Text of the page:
By what criteria should Jewish voters select Los Angeles' next mayor? The March 8 election is looming as a referendum on first-term incumbent James K. Hahn.
As professor Raphael J. Sonenshein of California State University, Fullerton noted in an earlier Jewish Journal column, the Jewish community seems split mostly among three candidates.
More conservative, Valley-dwelling voters are especially drawn to attorney and former Assembly Speaker Bob Hertzberg. Centrists, city employees and others closer to the power structure tend to favor Hahn. Westsiders and progressive Jews again may lean toward the charismatic last-minute loser of the 2001 campaign, Councilman Antonio Villaraigosa.
But splitting the vote is nothing new in this predominantly Democratic community. To some, the 25-year-old divisions over mandatory school busing remain unresolved. Recently, Republican upstart Arnold Schwarzenegger carried lots of Jewish voters in the Valley -- many of whom had backed Valley secession.
For the undecided, what are the desiderata of a mayoral candidate?
"The most important thing is to get to the polls," said Rabbi Laura Geller of Temple Emanuel. "It's sad in a way that this has to be stressed, but this is something that fewer and fewer people are doing."
"While we pray for the peace of our city, it matters for Jews [to vote] in order to be a part of our larger community," she continued. "Unfortunately, nowadays, not everyone takes this obligation for granted. This year is the 350th anniversary of the arrival of Jews in America; it needs to be remembered how since then we've earned the privilege of electing our leaders."
Longtime Democratic powerhouse Carmen Warschaw doesn't hesitate to take sides. She supports Hahn.
"He's done a good job," Warschaw said, "and the problems with his administration," those reported grand jury investigations and so on, "are the same ones any large-size administration has."
It also matters to her that Hahn is a longtime supporter of Israel and Jewish causes. Hahn's term will be remembered for his defeat of Valley secession and his decision to hire Police Chief William Bratton.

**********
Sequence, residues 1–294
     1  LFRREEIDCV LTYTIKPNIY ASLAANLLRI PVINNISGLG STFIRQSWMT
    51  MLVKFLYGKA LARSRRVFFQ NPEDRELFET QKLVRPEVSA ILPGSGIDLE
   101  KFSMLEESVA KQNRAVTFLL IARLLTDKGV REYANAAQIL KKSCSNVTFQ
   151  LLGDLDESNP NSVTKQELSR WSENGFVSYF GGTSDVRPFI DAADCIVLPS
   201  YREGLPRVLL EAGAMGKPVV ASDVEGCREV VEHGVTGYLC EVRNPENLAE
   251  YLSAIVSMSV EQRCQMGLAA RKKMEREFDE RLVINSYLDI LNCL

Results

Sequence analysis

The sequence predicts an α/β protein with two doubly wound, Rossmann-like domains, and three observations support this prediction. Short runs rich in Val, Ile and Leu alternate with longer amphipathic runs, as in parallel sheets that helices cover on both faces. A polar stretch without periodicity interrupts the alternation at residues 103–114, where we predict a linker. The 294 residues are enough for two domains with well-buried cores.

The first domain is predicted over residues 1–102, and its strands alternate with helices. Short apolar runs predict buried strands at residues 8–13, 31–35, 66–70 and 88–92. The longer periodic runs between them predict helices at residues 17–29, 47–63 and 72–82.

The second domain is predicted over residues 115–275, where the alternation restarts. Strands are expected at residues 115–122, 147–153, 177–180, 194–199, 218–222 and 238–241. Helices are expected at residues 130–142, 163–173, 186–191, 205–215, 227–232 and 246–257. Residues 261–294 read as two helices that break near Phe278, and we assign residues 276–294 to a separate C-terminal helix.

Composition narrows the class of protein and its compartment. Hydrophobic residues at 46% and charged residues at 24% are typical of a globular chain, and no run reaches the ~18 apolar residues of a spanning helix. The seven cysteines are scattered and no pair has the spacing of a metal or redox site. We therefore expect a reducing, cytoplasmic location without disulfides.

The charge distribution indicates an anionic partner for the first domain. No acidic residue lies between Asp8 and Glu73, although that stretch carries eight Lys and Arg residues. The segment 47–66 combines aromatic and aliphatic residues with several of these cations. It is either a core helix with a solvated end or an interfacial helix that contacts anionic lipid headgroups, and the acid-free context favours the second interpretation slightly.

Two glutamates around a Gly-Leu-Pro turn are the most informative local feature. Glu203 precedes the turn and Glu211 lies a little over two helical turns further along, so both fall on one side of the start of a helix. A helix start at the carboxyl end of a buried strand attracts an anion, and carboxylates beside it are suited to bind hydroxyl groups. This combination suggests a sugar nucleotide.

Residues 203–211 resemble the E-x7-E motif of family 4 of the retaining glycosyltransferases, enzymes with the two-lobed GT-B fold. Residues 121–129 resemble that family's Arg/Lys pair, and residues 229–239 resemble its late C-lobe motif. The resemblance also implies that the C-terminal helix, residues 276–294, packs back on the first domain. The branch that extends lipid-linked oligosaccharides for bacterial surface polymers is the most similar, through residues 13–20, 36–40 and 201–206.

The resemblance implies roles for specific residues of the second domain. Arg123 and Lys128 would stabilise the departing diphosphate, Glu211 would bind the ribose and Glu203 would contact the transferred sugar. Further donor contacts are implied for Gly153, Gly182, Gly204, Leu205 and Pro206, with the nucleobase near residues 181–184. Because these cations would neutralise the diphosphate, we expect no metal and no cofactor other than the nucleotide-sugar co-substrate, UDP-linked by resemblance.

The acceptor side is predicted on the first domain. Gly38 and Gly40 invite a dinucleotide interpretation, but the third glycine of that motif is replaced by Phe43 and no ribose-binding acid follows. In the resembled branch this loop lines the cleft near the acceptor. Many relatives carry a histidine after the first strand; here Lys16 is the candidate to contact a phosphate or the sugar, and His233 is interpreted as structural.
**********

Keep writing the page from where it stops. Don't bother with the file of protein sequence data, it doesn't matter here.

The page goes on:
Businessman and publisher David Abel is a self-described policy wonk going way back, but that's just one reason he favors Hertzberg, who is similarly inclined. He sees Hertzberg as "someone who will fight for the survival of the community. This city is at a turning point."
The voter needs to pick someone who can put the entire city before everything else, Abel said, adding, "Someone who can say 'no' to his friends and take on the local power centers."
Los Angeles' mayor lacks legal authority over the local school system. But Abel asserted that Jewish voters should expect the next mayor to confront and transform the ungainly Los Angeles Unified School District.
After sitting 18 months on the citizens advisory panel for the school bond, Abel said, he grew to doubt that city schools can be greatly improved in the school district's present form.
"Reforming East Germany was easier," he said.
As Abel sees it, it is the next mayor's job to make this happen. This, added Abel, is the best way to maintain Los Angeles' eroding middle-class population.
Villaraigosa is the choice of Washington-based commentator Harold Meyerson, who spent most of his career in Los Angeles and still writes about L.A. politics. He said voters should take a more affirmative view. He doesn't see the L.A. middle segment as eroding, but potentially increasing: "Antonio Villaraigosa wants to build up the middle class."
Meyerson envisions Villaraigosa helping to bring the low-wage worker into the middle class through city policies and negotiations that are pro-labor. Meyerson noted that Los Angeles is usually rated the nation's top manufacturing city. So some of corporate America must already be accommodating itself to city hall's social agenda.
Many union leaders have concluded that this social agenda has made progress under Hahn. That's why most of the unions are endorsing the incumbent.
For his part, Hertzberg emphasizes what he calls the city's negative attitude toward business. He implies that being aggressively pro-labor could cost the city jobs.
For Geller, these divides over crucial issues underscore the importance of the election to Jews and everyone else.
"These are not specifically Jewish issues," she said. "But they affect everyone. They move beyond ethnic politics and make us one community. This is the most important thing for voters to remember."
Marc B. Haefele is news editor of the Los Angeles Alternative Press and comments on local government for KPCC-FM.